An Assembly committee heard testimony Wednesday on six bills Legislative Republicans say would help ease the burden of student loan debt and make college more affordable, although some say the bills don’t go far enough.
Gov. Scott Walker announced his support for Republican authors’ college affordability legislative package earlier this week during his State of the State address. The package intends to make higher education more affordable for students through six bills.
The six proposals build on the current tuition freeze by increasing saving through full deductions of student loan interest on state income taxes; increasing emergency financial aid; increasing grant programs for students at technical and two-year UW colleges; pairing college students with internships to enhance skill development; and requiring colleges to inform students about their loans relative to current and projected student loan debt levels and education costs.
“This ... directly helps Wisconsinites that need it the most,” said state Rep. John Macco, R-Ledgeview, in his testimony.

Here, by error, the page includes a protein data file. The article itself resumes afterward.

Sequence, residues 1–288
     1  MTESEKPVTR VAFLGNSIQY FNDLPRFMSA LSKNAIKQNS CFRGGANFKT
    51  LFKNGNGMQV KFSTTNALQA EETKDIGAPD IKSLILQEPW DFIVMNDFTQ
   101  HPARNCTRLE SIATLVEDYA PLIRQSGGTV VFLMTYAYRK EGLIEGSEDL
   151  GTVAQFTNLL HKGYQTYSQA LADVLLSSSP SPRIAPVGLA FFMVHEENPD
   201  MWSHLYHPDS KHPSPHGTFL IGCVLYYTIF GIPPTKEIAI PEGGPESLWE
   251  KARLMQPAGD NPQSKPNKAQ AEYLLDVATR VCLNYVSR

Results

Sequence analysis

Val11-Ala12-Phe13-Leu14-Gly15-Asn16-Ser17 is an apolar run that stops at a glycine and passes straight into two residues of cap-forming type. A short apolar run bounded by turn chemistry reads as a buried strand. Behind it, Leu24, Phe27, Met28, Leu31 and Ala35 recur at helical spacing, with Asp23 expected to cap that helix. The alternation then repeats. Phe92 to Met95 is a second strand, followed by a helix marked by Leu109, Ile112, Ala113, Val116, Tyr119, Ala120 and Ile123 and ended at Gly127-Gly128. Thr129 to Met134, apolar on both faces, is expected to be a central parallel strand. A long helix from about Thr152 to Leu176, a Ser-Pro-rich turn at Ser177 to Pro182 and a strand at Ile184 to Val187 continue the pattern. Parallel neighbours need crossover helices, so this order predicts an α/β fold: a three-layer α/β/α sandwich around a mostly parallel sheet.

Democrats, who support a bill that would allow students to refinance their student loan debt, doubt that the legislative package will truly help the hundreds of thousands of people who currently have student loans or are paying loans back.
“This is a little too late. We have a generation of kids drowning in student loans,” said state Rep. Dana Wachs, D-Eau Claire. “The tax deduction will benefit 32,000 students but it will only be $100 to $200 in benefits.”
Republican authors stated they would not consider adding an amendment to the bills that would include the Democrats’ refinancing bill. According to Macco, who co-authored the tax deduction measure with state Sen. Howard Marklein, R-Spring Green, the Democratic bill would only treat the symptoms of college expenses and neglect the problem of students going into debt.
Walker and UW System President Ray Cross have also discussed exploring a program that allows students to graduate in three years, which could potentially reduce the cost of higher education and get students into the workforce faster.
UPDATE: A previous version of the story erroneously quoted state Rep. Dana Wachs as saying 22,000 students would be affected by the tax deduction bill. In fact, that number is 32,000 students. The Daily Cardinal regrets this error